The doctor also said to give my arm a rest, meaning no painting. So I spent several days on the computer instead, doing my job search. To me, this is a very frustrating experience.
To start with, there is the Great Silence. This is the standard response to a well-written submission that is carefully tailored to the opening. It's what I hear most of the time, particularly from federal agencies, even when I could clearly do the job in my sleep. Drives me nuts. The next most common response is No. At least it's a decision and I can accept that.
All is not bleak. A couple of companies have been vocally interested and had me provide more information. And as I go through the process, I'm learning more about what to say, how to say it, when to say it, how to write it up, and so on. It's iterative, and I'm getting better at it with each interation.
Last week I participated in a virtual career fair. It was essentially a military-focused career fair that was conducted online. Very interesting. There were almost 60 companies and agencies participating. I researched almost all of them, and of that total, there were 2 1/2 that I was interested in. As it turned out, none of them really had anything I wanted to do, but another company popped up out of nowhere and the more I looked, the better it looked. The recruiter was very helpful, interested in me, and wanted more information. Lesson learned: prepare yourself beforehand for these events, research all the companies, and when something unexpected comes up (as it will), go with it.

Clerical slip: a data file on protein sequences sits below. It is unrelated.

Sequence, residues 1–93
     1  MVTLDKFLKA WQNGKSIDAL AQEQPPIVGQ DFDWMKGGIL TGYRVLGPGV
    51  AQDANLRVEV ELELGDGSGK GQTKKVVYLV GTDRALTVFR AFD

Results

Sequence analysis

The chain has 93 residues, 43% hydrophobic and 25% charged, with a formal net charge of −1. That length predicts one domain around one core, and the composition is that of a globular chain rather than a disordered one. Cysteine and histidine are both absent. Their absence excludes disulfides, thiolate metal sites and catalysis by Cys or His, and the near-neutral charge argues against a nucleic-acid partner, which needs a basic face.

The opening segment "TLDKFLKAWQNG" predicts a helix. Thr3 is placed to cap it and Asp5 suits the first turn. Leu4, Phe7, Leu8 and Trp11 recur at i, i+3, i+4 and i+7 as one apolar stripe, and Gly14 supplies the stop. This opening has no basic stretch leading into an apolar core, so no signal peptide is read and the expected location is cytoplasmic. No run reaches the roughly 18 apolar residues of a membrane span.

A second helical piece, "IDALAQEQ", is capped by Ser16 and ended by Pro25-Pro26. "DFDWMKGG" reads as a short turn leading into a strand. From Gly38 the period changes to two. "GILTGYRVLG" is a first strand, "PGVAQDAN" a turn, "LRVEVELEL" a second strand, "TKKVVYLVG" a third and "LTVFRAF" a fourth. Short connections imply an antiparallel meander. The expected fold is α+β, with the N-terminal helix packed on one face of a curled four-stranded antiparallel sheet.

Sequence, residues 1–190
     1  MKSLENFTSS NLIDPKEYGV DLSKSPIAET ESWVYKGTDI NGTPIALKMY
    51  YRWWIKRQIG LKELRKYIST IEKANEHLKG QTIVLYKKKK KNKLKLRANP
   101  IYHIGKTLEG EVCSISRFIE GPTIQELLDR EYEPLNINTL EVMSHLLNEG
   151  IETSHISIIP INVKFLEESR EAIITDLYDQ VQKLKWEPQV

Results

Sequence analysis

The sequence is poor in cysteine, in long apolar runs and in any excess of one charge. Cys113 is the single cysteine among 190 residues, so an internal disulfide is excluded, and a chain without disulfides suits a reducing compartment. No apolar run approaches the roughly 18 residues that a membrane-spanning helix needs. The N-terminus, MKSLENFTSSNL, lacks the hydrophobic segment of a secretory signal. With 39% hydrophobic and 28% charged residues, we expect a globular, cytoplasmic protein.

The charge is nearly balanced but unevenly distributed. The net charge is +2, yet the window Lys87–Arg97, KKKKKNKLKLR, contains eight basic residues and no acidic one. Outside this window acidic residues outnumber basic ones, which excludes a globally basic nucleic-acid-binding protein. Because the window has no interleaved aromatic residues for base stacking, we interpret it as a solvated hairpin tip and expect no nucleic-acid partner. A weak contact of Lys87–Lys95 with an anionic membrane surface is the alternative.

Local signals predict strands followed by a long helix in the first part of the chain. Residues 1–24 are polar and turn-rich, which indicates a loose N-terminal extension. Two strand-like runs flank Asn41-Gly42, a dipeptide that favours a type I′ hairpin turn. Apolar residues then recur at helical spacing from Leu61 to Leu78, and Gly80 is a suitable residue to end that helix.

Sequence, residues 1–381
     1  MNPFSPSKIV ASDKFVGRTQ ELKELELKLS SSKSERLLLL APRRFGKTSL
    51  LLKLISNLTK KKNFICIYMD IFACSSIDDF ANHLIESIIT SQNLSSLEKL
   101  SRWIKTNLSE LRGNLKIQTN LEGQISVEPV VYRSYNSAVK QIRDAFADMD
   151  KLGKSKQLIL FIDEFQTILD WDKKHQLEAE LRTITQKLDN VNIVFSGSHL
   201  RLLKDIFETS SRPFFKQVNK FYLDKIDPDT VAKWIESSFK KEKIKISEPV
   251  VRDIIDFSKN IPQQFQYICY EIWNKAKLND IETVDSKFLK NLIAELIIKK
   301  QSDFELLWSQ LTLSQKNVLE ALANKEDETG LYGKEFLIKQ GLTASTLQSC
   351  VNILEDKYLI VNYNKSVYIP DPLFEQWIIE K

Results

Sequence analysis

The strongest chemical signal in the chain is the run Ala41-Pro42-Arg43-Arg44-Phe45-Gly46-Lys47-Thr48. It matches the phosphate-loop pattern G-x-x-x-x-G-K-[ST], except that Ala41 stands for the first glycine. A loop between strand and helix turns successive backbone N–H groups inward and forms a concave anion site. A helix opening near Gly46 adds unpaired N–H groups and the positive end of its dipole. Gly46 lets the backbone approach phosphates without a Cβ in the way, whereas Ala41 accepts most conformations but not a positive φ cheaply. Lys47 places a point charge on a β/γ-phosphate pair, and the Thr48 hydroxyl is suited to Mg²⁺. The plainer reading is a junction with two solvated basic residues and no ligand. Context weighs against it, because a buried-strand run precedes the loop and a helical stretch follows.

Actually, this happened to me before. Back in 2007, I attended a career fair in Washington, with the specific intention of talking with the State Department about going to work for them in Iraq. As it turned out, the people at the booth were completely ignorant of the program I was interested in. But while heading back to my car, I stopped in a drug store and spotted a freebie newspaper focused on federal and contractor jobs. It had a section that pointed me directly to the program that I went to the fair to learn about. Which led to me working in Iraq for a year and a half. So the fair itself, for which I'd prepared, was a bust, but the trip was a success due to the unexpected.
And it goes back to something else I learned back in art school: Serendipity Happens.
Yesterday, with my body back to normal, I returned to the studio and picked up a brush again for the first time in a week. Man, did it feel good to be painting again! I worked on the large portrait, putting in a completely revised background. Serendipity happened here, too: everything came together and a beautiful sky appeared behind the young lady with a rose. Now the bottom section needs to be put together. It'll come.